Hydro-electric Power Station
A generating station which utilises the potential energy of water at a high level for the generation of electrical energy is known as a hydro-electric power station. Hydro-electric power stations are generally located in hilly areas where dams can be built conveniently and large water reservoirs can be obtained. In a hydro-electric power station, water head is created by constructing a dam across a river or lake. From the dam, water is led to a water turbine.
The water turbine captures the energy in the falling water and changes the hydraulic energy (i.e., product of head and flow of water) into mechanical energy at the turbine shaft. The turbine drives the alternator which converts mechanical energy into electrical energy. Hydro-electric power stations are becoming very popular because the reserves of fuels (i.e., coal and oil) are depleting day by day.
They have the added importance for flood control, storage of water for irrigation and water for drinking purposes.
(i) It requires no fuel as water is used for the generation of electrical energy.
(ii) It is quite neat and clean as no smoke or ash is produced.
(iii) It requires very small running charges because water is the source of energy which is available free of cost.
(iv) It is comparatively simple in construction and requires less maintenance.
(v) It does not require a long starting time like a steam power station. In fact, such plants can be put into service instantly.
(vi) It is robust and has a longer life.
(vii) Such plants serve many purposes. In addition to the generation of electrical energy, they also help in irrigation and controlling floods.
(viii) Although such plants require the attention of highly skilled persons at the time of construction, yet for operation, a few experienced persons may do the job well.
(i) It involves high capital cost due to construction of dam.
(ii) There is uncertainty about the availability of huge amount of water due to dependence on weather conditions.
(iii) Skilled and experienced hands are required to build the plant.
(iv) It requires high cost of transmission lines as the plant is located in hilly areas which are quite away from the consumers.
Schematic Arrangement of Hydro-electric Power Station
Although a hydro-electric power station simply involves the conversion of hydraulic energy into electrical energy, yet it embraces many arrangements for proper working and efficiency. The schematic arrangement of a modern hydro-electric plant is shown in Fig.
The dam is constructed across a river or lake and water from the catchment area collects at the back of the dam to form a reservoir. A pressure tunnel is taken off from the reservoir and water brought to the valve house at the start of the penstock. The valve house contains main sluice valves and automatic isolating valves. The former controls the water flow to the power house and the latter cuts off supply of water when the penstock bursts. From the valve house, water is taken to water turbine through a huge steel pipe known as penstock. The water turbine converts hydraulic energy into mechanical energy. The turbine drives the alternator which converts mechanical energy into electrical energy.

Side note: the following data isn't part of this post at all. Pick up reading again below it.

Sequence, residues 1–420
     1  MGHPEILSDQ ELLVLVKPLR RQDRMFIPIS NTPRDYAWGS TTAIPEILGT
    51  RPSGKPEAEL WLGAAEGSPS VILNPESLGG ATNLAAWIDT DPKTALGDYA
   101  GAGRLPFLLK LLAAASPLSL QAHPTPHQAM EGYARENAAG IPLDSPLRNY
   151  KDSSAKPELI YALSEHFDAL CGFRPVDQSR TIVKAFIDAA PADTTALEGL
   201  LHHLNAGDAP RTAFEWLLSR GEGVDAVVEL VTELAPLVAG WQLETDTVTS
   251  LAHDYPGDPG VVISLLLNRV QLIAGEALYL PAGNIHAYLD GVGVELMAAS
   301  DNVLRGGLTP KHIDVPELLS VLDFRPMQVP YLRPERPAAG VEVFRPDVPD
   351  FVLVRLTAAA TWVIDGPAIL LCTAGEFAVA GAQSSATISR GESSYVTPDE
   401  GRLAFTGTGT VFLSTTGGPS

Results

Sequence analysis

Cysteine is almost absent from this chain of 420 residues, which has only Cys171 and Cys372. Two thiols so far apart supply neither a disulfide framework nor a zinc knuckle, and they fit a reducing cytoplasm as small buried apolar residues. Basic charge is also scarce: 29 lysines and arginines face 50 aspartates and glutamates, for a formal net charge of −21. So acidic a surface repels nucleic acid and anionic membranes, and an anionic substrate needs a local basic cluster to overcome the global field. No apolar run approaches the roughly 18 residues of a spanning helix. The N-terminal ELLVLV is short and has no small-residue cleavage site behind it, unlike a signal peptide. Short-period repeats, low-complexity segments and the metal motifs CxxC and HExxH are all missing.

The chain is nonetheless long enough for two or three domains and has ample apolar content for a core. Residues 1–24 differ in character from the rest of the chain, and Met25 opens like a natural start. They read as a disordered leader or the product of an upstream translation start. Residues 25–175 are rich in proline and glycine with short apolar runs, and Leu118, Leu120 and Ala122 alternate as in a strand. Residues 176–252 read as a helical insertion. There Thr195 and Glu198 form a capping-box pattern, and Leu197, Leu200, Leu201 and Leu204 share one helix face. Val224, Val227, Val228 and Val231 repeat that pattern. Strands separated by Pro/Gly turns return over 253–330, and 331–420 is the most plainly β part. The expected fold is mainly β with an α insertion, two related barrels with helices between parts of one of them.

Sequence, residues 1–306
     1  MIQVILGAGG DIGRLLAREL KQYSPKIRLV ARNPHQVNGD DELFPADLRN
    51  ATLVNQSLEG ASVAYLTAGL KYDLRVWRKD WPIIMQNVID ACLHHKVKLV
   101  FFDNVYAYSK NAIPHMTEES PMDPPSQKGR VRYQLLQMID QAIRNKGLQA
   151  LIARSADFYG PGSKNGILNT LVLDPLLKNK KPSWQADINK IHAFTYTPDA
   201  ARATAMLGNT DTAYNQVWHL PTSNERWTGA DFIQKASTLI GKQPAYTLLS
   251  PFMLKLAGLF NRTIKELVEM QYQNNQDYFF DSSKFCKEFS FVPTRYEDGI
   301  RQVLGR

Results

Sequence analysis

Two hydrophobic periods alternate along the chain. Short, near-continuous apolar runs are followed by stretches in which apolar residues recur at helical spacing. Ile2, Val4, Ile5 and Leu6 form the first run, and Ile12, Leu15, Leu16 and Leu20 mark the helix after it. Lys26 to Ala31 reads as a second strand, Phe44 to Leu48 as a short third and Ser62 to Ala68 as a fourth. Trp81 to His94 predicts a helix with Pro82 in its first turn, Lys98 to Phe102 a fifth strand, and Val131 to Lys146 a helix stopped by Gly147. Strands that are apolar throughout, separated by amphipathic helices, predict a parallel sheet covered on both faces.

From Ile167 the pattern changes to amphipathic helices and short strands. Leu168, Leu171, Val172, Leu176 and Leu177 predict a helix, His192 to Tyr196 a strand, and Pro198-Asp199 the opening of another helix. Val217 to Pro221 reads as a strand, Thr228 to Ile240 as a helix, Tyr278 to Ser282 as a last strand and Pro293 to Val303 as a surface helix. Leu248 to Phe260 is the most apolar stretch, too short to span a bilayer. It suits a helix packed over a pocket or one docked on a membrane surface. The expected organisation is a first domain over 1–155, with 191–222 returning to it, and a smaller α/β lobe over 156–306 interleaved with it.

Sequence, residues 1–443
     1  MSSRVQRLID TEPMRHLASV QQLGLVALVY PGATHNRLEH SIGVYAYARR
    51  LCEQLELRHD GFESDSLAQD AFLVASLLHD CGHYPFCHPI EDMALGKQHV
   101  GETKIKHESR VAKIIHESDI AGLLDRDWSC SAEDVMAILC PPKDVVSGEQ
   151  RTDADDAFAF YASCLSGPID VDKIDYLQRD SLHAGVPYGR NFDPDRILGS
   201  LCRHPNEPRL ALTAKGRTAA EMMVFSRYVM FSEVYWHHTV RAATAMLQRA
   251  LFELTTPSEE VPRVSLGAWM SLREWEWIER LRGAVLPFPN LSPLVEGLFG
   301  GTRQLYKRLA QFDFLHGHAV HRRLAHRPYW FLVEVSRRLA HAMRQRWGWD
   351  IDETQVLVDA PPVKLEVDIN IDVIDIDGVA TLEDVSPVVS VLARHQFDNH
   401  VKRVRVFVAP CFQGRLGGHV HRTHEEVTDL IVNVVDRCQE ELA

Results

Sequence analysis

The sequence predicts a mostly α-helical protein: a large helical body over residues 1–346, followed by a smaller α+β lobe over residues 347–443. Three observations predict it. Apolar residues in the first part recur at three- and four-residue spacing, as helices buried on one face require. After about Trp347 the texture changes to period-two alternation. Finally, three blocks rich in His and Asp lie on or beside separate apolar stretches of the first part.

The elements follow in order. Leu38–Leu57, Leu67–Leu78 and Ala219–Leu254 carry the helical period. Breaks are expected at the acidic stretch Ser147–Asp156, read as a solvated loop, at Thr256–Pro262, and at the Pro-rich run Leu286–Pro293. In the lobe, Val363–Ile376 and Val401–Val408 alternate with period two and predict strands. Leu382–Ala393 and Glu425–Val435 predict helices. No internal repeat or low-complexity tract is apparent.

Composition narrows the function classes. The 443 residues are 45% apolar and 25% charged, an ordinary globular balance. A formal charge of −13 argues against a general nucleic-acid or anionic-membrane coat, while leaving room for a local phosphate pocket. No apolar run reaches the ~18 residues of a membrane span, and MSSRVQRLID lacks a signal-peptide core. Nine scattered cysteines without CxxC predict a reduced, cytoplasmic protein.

A surge tank (open from top) is built just before the valve house and protects the penstock from bursting in case the turbine gates suddenly close* due to electrical load being thrown off. When the gates close, there is a sudden stopping of water at the lower end of the penstock and consequently the penstock can burst like a paper log. The surge tank absorbs this pressure swing by increase in its level of water.
Choice of Site for Hydro-electric Power Stations
The following points should be taken into account while selecting the site for a hydro-electric power station :
(i) Availability of water. Since the primary requirement of a hydro-electric power station is the availability of huge quantity of water, such plants should be built at a place (e.g., river, canal) where adequate water is available at a good head.
(ii) Storage of water. There are wide variations in water supply from a river or canal during the year. This makes it necessary to store water by constructing a dam in order to ensure the generation of power throughout the year. The storage helps in equalising the flow of water so that any excess quantity of water at a certain period of the year can be made available during times of very low flow in the river. This leads to the conclusion that site selected for a hydro-electric plant should provide adequate facilities for erecting a dam and storage of water.
(iii) Cost and type of land. The land for the construction of the plant should be available at a reasonable price. Further, the bearing capacity of the ground should be adequate to withstand the weight of heavy equipment to be installed.
(iv) Transportation facilities. The site selected for a hydro-electric plant should be accessible by rail and road so that necessary equipment and machinery could be easily transported. It is clear from the above mentioned factors that ideal choice of site for such a plant is near a river in hilly areas where dam can be conveniently built and large reservoirs can be obtained.